A cross-dresser playing role of Xiao Long Nu (Dragon Lady) in the game Legend of the Condor Heroes attracted lots of attention during the country's biggest game fair, ChinaJoy, which closed in Shanghai yesterday.
The 20-year-old Haoge, who only identifies himself with this one nickname, is a weiniang, a "fake lady" or cross-dresser, who often adopts the dress or manner or role of the opposite sex.
A cross-dresser (R) playing role of Xiao Long Nu (Dragon Lady) in the game Legend of the Condor Heroes attracted lots of attention during the country's biggest game fair, ChinaJoy.
"It's my way to show the love for the characters," said Haoge, who came from Wuhan of Hubei Province to attend the China Digital Entertainment Expo and Conference, or ChinaJoy, held in the Pudong New Area.
"Most of them are female characters," he added.
Haoge now is the director of Alice Weiniang Group, which consists of 12 weiniangs or male cross-dressers in Wuhan. It's the most famous weiniang group on China's mainland.
While many in society still regard weiniang as a perversion, they have slowly gained popularity on China's mainland among people who have an open attitude and aesthetic concept, according to the fair visitors and sociologists.
During the game fair, Haoge played the role of Tifa, a popular female character in the console game Final Fantasy, on Friday.
During the weekend, he played the role of Xiao Long Nu, also a major female character of the popular kung fu novel the Legend of the Condor Heroes, invited by the game firm Perfect World.
Better than real girls
Haoge, surrounded by fans and photographed by dozens of visitors, was even more popular than the bikini-clad showgirls surrounding in the Perfect World booth.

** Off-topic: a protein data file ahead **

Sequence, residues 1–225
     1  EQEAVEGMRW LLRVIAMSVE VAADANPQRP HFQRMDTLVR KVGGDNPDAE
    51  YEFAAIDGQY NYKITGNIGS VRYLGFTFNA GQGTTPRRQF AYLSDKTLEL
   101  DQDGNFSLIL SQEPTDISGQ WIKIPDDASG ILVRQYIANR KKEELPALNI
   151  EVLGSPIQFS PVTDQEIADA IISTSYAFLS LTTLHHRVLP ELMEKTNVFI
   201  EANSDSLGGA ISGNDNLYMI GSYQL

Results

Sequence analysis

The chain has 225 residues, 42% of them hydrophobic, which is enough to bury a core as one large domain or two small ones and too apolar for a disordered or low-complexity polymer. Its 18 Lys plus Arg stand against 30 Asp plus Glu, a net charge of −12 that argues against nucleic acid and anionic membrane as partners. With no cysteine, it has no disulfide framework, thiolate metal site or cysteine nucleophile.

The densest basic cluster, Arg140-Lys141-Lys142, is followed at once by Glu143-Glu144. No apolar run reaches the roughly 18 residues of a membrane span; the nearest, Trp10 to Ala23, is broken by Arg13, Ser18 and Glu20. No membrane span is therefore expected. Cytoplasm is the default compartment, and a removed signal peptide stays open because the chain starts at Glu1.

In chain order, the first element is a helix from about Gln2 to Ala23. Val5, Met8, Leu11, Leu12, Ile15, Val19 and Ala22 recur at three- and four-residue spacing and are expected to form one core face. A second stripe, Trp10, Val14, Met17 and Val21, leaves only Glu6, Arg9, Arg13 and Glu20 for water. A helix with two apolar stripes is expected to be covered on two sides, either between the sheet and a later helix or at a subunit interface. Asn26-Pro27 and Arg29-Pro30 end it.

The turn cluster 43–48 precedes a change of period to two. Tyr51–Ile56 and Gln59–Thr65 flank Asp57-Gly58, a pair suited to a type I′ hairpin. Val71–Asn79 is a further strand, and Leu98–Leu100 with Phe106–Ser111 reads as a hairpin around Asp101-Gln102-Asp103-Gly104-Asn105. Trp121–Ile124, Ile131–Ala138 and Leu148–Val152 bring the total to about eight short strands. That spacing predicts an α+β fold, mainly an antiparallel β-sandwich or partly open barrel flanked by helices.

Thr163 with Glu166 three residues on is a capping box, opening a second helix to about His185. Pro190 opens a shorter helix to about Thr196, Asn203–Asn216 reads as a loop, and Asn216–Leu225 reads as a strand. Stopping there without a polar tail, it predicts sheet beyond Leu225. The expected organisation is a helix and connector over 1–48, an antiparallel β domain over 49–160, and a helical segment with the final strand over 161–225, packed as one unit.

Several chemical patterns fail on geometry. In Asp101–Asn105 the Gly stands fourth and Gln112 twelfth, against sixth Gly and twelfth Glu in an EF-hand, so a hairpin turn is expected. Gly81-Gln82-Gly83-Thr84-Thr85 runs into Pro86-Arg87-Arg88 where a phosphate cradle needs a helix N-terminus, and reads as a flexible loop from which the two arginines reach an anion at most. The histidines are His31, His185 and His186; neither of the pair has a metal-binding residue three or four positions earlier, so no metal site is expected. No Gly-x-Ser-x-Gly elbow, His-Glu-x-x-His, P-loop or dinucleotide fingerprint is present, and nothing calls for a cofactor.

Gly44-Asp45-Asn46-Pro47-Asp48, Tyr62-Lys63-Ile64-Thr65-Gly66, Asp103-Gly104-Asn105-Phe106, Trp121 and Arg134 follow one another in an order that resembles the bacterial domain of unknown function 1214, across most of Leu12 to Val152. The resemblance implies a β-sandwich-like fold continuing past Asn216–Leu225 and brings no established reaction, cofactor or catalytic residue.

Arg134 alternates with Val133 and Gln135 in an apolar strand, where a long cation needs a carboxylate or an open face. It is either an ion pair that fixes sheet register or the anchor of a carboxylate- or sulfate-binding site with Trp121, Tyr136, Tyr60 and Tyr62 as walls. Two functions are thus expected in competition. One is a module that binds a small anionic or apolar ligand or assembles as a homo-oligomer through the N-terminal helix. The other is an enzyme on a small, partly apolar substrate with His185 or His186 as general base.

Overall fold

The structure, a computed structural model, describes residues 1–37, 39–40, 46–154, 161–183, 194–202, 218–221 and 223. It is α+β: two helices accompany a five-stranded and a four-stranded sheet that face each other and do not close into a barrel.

The Alice group has many online fans, including about 4,000 fans in its own online community on Baidu. Haoge himself has almost 14,000 followers on Sina Weibo.
Sara, one of the fans, came from Jiangsu Province to attend ChinaJoy and see Haoge face-to-face.
"He is beautiful during role playing, even more beautiful than real girls," Sara said.
Some companies and televisions have invited them to attend programs and shows. Each of them can get from 500 yuan (US$78) to 1,500 yuan every day on average during a commercial performance, Haoge told Shanghai Daily in an exclusive interview.
China is still conservative toward cross-dressing and often links it to LGBT (Lesbian, Gay, Bisexual, and Transgender) issues.
Haoge is straight but there are gays in the Alice group. "Even if they are gays, so what, in this society?" he said.
Haoge admitted that he had faced pressure from parents, friends and schools since he started cross-dressing three years ago. After some "tough" conversations, he said he was better understood by his parents, most friends and his girlfriend, though she is "not willing to join me during performances."
Gu Xiaoming, a sociologist and Fudan University professor, said, "It's natural for everyone to want to play a character of the opposite gender in the sub-conscious."
Cross-dressing is more of a form of self-expression, rather than an indicator of sexual orientation or gender identification, such as in Peking Opera, Gu said.
Wang Peiyu of the Tianjin Peking Opera company, a female performer of male opera roles, once said, "I never really thought about my gender when I was performing."
Haoge said he spent about an hour preparing clothes and make-up for cross-dressing in nearby hotels, before going to ChinaJoy.
He said a professional weiniang should be thin, with long legs, relatively white skin, able to afford the clothes and good at cosmetics.